Smart innovation for adoption of big data technology : Hadoop on Virtual Machine.

In recent years, big data workloads have taken advantage of the numerous benefits of virtualization such as scalability, agility, ease of maintenance, and costs savings due to consolidation and better utilization of resources.

As Big Data continues to achieve mainstream status within enterprises, the virtualization of Hadoop and other Big Data workloads has become a key mechanism for organizations to future-proof their Big Data infrastructure investments.

Hadoop clusters can run on physical or virtualized servers and in public, private, or hybrid clouds. A virtual Hadoop cluster is when the Hadoop distribution is installed within the context of a collection of virtual machines (VMs).

Virtualization enables implementation of Hadoop on existing infrastructure. A particular advantage of running a virtual Hadoop cluster is fault isolation. VMs provide a high level of fault isolation – if one workload crashes, others aren’t affected.

Another benefit of virtualized environments is that they provide greater flexibility. In a matter of time, users can switch from one cluster to another, a process that takes days or even weeks in a physical environment.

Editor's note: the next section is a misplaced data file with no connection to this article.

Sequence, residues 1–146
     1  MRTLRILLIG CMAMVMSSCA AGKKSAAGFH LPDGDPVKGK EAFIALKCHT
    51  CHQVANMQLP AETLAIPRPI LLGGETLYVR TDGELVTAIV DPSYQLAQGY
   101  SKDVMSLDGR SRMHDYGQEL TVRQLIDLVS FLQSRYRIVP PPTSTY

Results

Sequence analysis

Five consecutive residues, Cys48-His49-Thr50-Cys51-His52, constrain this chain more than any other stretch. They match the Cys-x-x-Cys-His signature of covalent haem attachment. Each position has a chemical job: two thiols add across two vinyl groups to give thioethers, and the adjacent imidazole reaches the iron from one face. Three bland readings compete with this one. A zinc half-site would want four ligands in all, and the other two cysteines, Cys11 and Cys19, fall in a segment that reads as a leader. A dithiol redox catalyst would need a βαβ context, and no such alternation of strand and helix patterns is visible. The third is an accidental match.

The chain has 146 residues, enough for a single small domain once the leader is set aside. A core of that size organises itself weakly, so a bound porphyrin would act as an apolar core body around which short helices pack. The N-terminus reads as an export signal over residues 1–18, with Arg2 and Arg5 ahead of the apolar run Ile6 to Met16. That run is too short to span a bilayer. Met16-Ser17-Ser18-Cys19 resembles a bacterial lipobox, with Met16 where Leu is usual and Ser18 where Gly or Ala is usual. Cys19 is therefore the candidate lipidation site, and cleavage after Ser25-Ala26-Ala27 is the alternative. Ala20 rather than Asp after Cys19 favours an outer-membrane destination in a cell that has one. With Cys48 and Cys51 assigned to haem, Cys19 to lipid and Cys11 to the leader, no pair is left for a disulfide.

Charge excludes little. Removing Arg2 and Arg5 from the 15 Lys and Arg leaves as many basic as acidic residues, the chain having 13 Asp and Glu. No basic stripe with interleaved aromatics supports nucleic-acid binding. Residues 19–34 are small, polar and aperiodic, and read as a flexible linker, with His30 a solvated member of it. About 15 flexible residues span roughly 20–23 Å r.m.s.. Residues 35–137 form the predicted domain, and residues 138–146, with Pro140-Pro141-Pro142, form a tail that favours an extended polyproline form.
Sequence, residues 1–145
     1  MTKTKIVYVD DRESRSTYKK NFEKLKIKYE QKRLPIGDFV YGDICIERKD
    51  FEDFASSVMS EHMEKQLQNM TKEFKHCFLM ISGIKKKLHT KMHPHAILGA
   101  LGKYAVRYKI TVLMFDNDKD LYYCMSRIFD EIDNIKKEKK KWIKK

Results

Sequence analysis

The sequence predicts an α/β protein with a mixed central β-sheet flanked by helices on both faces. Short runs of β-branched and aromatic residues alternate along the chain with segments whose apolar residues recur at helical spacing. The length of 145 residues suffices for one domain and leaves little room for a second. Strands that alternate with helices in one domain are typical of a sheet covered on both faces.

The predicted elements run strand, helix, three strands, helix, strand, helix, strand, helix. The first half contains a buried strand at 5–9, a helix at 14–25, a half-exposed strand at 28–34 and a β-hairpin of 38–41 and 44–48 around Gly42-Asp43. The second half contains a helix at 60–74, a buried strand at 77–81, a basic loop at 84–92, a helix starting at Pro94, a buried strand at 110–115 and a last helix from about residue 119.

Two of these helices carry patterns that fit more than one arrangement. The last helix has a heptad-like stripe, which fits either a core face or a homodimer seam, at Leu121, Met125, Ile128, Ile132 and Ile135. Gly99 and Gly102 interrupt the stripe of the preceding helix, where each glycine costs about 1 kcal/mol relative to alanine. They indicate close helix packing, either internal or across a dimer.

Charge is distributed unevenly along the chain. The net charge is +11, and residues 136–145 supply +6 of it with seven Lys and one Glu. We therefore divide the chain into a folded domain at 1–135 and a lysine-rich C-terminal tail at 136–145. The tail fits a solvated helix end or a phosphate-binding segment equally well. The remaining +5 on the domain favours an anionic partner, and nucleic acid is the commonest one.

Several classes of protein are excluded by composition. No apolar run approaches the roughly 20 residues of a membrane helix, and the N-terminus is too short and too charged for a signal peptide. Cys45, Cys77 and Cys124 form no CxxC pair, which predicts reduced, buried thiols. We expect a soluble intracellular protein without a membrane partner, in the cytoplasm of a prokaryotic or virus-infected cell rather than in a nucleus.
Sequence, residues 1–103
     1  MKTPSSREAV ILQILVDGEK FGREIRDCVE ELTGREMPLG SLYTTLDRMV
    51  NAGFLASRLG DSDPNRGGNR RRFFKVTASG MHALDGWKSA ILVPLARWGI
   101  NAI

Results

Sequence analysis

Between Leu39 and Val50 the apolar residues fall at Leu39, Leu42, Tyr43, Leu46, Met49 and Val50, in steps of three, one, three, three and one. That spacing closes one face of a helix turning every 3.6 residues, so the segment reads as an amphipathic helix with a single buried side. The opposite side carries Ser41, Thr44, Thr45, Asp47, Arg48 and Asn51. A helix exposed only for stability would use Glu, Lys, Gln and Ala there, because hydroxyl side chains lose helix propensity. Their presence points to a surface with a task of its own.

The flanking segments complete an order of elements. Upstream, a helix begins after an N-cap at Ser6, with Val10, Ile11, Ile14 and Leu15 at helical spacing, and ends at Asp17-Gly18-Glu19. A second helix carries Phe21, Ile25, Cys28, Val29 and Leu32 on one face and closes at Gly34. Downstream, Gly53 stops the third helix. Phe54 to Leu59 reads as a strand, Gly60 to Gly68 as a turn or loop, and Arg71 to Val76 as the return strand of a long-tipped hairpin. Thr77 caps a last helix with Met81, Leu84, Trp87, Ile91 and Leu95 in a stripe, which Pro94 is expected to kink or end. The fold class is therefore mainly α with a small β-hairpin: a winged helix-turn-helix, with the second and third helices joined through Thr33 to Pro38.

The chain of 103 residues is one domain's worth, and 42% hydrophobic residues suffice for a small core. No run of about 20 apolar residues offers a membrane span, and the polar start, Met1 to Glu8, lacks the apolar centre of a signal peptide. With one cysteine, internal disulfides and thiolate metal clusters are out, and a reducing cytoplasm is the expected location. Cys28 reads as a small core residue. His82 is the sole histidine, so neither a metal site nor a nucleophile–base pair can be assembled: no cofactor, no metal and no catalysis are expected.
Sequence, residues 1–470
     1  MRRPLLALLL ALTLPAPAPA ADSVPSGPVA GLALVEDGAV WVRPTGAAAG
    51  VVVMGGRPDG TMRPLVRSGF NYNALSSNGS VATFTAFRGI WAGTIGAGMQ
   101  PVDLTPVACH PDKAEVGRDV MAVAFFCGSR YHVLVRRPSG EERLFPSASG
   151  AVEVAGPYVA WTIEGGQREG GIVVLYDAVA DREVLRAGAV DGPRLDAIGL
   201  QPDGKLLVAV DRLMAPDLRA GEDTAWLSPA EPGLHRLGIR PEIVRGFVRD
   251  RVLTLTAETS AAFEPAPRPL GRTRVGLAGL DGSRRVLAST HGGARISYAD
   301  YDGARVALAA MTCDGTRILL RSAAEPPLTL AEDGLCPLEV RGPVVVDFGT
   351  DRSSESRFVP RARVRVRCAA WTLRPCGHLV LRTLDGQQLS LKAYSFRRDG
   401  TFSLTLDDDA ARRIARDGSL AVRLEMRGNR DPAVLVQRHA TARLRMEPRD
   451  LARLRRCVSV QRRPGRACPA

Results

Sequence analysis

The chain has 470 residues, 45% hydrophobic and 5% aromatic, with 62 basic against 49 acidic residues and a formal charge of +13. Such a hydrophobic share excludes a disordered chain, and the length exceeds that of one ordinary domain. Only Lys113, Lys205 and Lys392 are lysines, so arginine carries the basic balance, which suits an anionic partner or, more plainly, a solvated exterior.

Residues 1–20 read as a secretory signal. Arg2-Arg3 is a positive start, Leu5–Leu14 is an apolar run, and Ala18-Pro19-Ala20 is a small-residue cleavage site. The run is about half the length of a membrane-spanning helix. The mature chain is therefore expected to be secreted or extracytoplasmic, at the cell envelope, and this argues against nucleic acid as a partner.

Other Strengths of VM-hosted Hadoop:

  • Physical infrastructure can be reused.
  • The cluster size can be expanded or contracted on demand.
  • Minimum installation and setup time.

Event: 16 November, 2016

Impact of Big Data & Analytics on Financial Services

Pentation Analytics, which focuses on big data enabled analytics for the Banking, Insurance & Financial Services space had organised an event “Impact of Big Data & Analytics on Financial Services” held at Cricket Club of India, Mumbai on 16th November, 2016. The event saw participation from experts and practitioners from the BFSI and Technology industry segments.
The event had a panel discussion, which comprised senior industry stalwarts. The focus of the panel discussion was the changing business landscape which has prompted organizations to look at analytics as a core process rather than a set of disparate projects.

 

 

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